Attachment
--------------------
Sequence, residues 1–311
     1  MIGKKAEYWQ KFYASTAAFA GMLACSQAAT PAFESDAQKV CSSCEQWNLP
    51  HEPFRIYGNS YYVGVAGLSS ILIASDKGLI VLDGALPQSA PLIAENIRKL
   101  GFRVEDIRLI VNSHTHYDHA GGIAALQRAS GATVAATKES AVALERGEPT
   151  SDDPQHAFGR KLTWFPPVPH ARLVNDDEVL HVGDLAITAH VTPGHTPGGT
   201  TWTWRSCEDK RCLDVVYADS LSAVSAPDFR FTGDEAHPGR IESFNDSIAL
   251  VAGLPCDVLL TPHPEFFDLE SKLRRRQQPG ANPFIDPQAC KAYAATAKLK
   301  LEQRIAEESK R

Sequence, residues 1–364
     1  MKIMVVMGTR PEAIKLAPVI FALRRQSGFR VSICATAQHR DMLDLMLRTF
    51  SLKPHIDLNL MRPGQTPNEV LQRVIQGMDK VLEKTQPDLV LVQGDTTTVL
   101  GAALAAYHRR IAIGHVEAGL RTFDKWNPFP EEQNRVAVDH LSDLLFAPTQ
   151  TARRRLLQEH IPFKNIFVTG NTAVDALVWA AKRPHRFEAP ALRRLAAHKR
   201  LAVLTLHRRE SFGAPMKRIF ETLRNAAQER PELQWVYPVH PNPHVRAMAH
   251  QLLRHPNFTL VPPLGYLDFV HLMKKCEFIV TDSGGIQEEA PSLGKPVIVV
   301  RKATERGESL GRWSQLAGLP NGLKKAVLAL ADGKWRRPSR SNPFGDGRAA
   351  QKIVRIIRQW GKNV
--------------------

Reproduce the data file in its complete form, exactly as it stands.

Sequence, residues 1–311
     1  MIGKKAEYWQ KFYASTAAFA GMLACSQAAT PAFESDAQKV CSSCEQWNLP
    51  HEPFRIYGNS YYVGVAGLSS ILIASDKGLI VLDGALPQSA PLIAENIRKL
   101  GFRVEDIRLI VNSHTHYDHA GGIAALQRAS GATVAATKES AVALERGEPT
   151  SDDPQHAFGR KLTWFPPVPH ARLVNDDEVL HVGDLAITAH VTPGHTPGGT
   201  TWTWRSCEDK RCLDVVYADS LSAVSAPDFR FTGDEAHPGR IESFNDSIAL
   251  VAGLPCDVLL TPHPEFFDLE SKLRRRQQPG ANPFIDPQAC KAYAATAKLK
   301  LEQRIAEESK R

Sequence, residues 1–364
     1  MKIMVVMGTR PEAIKLAPVI FALRRQSGFR VSICATAQHR DMLDLMLRTF
    51  SLKPHIDLNL MRPGQTPNEV LQRVIQGMDK VLEKTQPDLV LVQGDTTTVL
   101  GAALAAYHRR IAIGHVEAGL RTFDKWNPFP EEQNRVAVDH LSDLLFAPTQ
   151  TARRRLLQEH IPFKNIFVTG NTAVDALVWA AKRPHRFEAP ALRRLAAHKR
   201  LAVLTLHRRE SFGAPMKRIF ETLRNAAQER PELQWVYPVH PNPHVRAMAH
   251  QLLRHPNFTL VPPLGYLDFV HLMKKCEFIV TDSGGIQEEA PSLGKPVIVV
   301  RKATERGESL GRWSQLAGLP NGLKKAVLAL ADGKWRRPSR SNPFGDGRAA
   351  QKIVRIIRQW GKNV